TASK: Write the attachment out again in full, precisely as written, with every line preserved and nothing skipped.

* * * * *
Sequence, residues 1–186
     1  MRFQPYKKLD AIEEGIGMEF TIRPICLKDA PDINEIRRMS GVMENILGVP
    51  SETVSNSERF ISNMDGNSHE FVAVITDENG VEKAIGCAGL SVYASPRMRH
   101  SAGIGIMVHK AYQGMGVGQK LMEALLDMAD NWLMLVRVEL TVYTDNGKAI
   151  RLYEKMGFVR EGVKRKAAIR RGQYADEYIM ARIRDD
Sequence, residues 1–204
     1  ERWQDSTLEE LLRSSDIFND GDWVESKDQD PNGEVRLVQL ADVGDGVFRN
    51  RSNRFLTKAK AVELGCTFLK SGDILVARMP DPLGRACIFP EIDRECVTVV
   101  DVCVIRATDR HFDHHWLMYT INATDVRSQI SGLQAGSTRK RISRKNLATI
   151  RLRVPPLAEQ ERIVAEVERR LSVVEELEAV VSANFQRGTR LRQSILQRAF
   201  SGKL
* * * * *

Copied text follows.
Sequence, residues 1–186
     1  MRFQPYKKLD AIEEGIGMEF TIRPICLKDA PDINEIRRMS GVMENILGVP
    51  SETVSNSERF ISNMDGNSHE FVAVITDENG VEKAIGCAGL SVYASPRMRH
   101  SAGIGIMVHK AYQGMGVGQK LMEALLDMAD NWLMLVRVEL TVYTDNGKAI
   151  RLYEKMGFVR EGVKRKAAIR RGQYADEYIM ARIRDD
Sequence, residues 1–204
     1  ERWQDSTLEE LLRSSDIFND GDWVESKDQD PNGEVRLVQL ADVGDGVFRN
    51  RSNRFLTKAK AVELGCTFLK SGDILVARMP DPLGRACIFP EIDRECVTVV
   101  DVCVIRATDR HFDHHWLMYT INATDVRSQI SGLQAGSTRK RISRKNLATI
   151  RLRVPPLAEQ ERIVAEVERR LSVVEELEAV VSANFQRGTR LRQSILQRAF
   201  SGKL